SoftBank’s results could bring defence to the front

SoftBank’s poor annual results will likely be the validation that proponents of a defensive approach to investing were looking for.
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What a difference a year makes.

Only 12 months ago, SoftBank earned more profits in a quarter than any other Japanese company in history. Its billionaire founder Masayoshi Son had said then that the impressive earnings numbers were “lucky plus lucky plus lucky.”

Fast-forward to this week, and SoftBank will need a lot of that luck to bounce back from its biggest-ever loss in its four decades of existence. The Japanese conglomerate company’s two Vision Funds lost a massive $26.1 billion, pushing it into an annual loss of over $13 billion.

In the earnings call that followed, Masayoshi said he liked to be on the offensive but it was now time to play defence. “When it rains, you open an umbrella,” he explained.

While Masayoshi Son has been through worse and come back stronger, the world is bound to sit up and take notice when one of the most aggressive tech investors says it’s time to be cautious.

To be sure, the SoftBank results are not the trigger for the defensive approach already being adopted by an increasing number of startup investors, but it could be the validation that they needed.

And as a consequence, the metrics used to gauge the attractiveness of a startup investment will change.

“Winter is here,” said Sanjay Mehta, Founder of 100X.VC, a venture capital fund that invests in seed-stage startups. “VCs are becoming VCs again on discovering enduring all-weather businesses to invest.”

Saurabh Chandra, Managing Director of Boston Consulting Group India, said it is a signal for startups to look at profitability as one critical index, adding that they may have to look at capability rather than just scale. “This means building a significant IP that simply cannot be replicated by anybody else.”

A combination of global factors, such as higher inflation pushing interest rates upwards, rising crude prices, the war in Ukraine, and the tech crackdown in China, have spooked the global markets.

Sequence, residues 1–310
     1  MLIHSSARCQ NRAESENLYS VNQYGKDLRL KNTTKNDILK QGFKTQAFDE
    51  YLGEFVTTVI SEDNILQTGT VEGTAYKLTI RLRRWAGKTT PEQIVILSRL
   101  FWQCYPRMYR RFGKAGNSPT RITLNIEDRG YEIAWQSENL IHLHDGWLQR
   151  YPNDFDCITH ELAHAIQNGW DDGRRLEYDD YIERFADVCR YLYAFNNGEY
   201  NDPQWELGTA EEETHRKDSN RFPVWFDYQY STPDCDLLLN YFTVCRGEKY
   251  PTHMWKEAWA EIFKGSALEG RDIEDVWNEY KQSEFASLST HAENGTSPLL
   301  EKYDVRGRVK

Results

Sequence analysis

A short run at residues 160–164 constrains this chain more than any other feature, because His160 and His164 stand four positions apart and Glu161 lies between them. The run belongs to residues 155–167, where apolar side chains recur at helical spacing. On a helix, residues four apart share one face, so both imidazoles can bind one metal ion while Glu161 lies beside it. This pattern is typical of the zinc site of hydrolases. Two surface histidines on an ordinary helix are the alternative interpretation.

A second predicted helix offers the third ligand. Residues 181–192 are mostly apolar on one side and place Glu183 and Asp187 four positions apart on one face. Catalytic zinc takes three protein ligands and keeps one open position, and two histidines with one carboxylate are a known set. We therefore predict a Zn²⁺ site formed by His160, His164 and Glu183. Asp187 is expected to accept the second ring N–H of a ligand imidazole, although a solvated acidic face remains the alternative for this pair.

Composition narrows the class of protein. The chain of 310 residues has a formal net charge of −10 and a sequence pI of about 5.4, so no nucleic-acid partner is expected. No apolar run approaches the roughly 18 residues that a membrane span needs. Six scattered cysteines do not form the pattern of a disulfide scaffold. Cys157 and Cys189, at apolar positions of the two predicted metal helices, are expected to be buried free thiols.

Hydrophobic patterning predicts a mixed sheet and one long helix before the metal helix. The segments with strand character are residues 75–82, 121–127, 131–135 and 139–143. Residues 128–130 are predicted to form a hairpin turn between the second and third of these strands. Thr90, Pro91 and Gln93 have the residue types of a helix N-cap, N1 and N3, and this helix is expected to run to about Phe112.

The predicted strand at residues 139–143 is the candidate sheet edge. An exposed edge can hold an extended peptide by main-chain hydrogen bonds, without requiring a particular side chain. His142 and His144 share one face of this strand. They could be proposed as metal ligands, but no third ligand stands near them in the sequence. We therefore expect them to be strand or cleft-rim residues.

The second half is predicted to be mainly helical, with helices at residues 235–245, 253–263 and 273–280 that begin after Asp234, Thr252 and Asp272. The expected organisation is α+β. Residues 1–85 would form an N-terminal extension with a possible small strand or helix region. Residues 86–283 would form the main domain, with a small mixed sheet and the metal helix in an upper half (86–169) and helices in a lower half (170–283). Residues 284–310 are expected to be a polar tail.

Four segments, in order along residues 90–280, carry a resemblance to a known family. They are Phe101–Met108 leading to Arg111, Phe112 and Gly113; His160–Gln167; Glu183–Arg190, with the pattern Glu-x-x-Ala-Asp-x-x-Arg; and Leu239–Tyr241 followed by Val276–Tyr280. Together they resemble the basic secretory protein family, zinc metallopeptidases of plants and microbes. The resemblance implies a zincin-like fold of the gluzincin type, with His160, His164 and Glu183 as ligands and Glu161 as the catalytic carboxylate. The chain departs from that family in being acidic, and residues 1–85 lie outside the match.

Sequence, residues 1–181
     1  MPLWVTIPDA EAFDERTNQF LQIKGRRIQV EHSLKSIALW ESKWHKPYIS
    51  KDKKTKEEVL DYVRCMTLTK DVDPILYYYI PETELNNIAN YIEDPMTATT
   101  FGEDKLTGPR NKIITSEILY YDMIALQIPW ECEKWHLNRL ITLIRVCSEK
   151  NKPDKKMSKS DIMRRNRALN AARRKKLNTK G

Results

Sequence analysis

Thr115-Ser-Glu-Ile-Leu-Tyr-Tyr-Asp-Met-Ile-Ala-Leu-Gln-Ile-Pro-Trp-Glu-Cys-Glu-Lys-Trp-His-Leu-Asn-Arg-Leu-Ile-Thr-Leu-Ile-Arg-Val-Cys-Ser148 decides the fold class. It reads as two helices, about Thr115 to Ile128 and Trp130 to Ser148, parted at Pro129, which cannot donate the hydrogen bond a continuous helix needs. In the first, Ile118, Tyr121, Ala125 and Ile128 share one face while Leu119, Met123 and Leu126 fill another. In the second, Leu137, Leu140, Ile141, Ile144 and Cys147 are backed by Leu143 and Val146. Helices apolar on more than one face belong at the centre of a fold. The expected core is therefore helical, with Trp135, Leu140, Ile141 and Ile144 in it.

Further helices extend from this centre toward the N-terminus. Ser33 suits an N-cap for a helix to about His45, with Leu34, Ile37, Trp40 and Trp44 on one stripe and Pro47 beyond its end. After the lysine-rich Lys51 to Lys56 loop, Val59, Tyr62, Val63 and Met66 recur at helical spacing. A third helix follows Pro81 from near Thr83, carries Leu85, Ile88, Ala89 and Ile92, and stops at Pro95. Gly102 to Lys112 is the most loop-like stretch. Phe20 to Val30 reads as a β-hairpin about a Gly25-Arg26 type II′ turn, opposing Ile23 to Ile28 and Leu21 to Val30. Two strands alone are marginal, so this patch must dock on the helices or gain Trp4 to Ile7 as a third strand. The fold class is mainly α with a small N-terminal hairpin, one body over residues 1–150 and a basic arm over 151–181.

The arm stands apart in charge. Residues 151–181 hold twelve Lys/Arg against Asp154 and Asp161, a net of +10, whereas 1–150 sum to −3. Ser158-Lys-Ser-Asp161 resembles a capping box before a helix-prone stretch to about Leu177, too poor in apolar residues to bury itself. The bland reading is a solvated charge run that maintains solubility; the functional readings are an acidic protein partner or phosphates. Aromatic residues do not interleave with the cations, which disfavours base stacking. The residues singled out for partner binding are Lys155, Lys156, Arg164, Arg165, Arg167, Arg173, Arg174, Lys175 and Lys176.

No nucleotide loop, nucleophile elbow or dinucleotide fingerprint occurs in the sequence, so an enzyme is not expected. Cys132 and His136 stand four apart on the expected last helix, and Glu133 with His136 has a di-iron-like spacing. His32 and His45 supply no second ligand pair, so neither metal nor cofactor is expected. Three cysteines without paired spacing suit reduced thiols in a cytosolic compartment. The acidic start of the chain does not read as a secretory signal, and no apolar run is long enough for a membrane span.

Added to this, the reopening of offices has meant that people spend less time in their homes, reducing their reliance on technology. As a result, tech companies, whose stocks valuations soared during the pandemic, have not been able to maintain their scorching pace of growth and are falling behind market expectations.

This is what led to SoftBank’s record losses.

“All funds that have a public market exposure will need time to recover. And while not unique to SoftBank alone, it means that the fund in itself will take a more cautious approach globally,” said Nruthya Madappa, Director of 3One4 Capital, an early-stage VC fund. 

A late-stage investor told YourStory on condition of anonymity that any bull run will lose a bit of energy after five years. “And this isn’t going to turn around overnight,” he said.

But it’s not all gloom and doom.

BCG’s Saurabh said funding will not completely dry up for late-stage startups. “The late-stage funds will continue deploying at least for some time. In fact, in the macro-economic environments we are in, if somebody has a sustainable IP-oriented business, then late-stage funding will actually grow,” he added.  

GV Ravishankar, Managing Director of Sequoia Capital India, said the market in India is significantly different. “We have always bet on Indian startups and the Indian market, and will continue to do so.”

He pointed out that for a founder it isn’t about markets being great or not, but a burning desire to start up. “Good companies will continue to be built irrespective of market conditions,” Ravishankar said. “We will remain consistent. If in a relatively high valuation environment the last 12-18 months we were active investors, we should logically be more active which allows you better quality investment.”

This is also backed by YourStory Research data, which show so far this year, investors have put in $13.1 billion through 665 deals in Indian startups. This is more than double of the $6.5 billion pumped into 361 startups between January and May 10 in 2021. Even April saw investments of $2.2 billion across 122 deals.

The rising interest rates could change this. Anuradha Ramachandran, Director of Flourish Ventures, which invests in fintech startups, said higher interest rates make the US markets seem “a little more lucrative” at the moment.

“There will be more money flowing into the public markets before it comes into the private investments,” she added.

And it could depend on the founders. “The hardest part of dealing with a low-cash situation is managing the founder's own psychology. They have to manage their own anxiety to not be overly negative about the future while controlling the expenses,” said 100X.VC’s Sanjay. “These are the times when founders who have maintained good investor relations will get access to resources and directions to tide through the tough times.” 

Even in SoftBank’s case, Masayoshi said as recently as December 2021 that he believes in India. Also, Delhivery’s initial public offer sailing through on Friday will add a bit of cheer in an otherwise tepid week for SoftBank, which has invested in the logistics startup. 

One would have to wait and watch if Masayoshi’s new defensive play will lead to a funding slowdown in India-focused investments from SoftBank. But for the sake of those trying to raise capital, one hopes Masayoshi’s umbrella remains closed while coming to India. 

Edited by Jarshad NK

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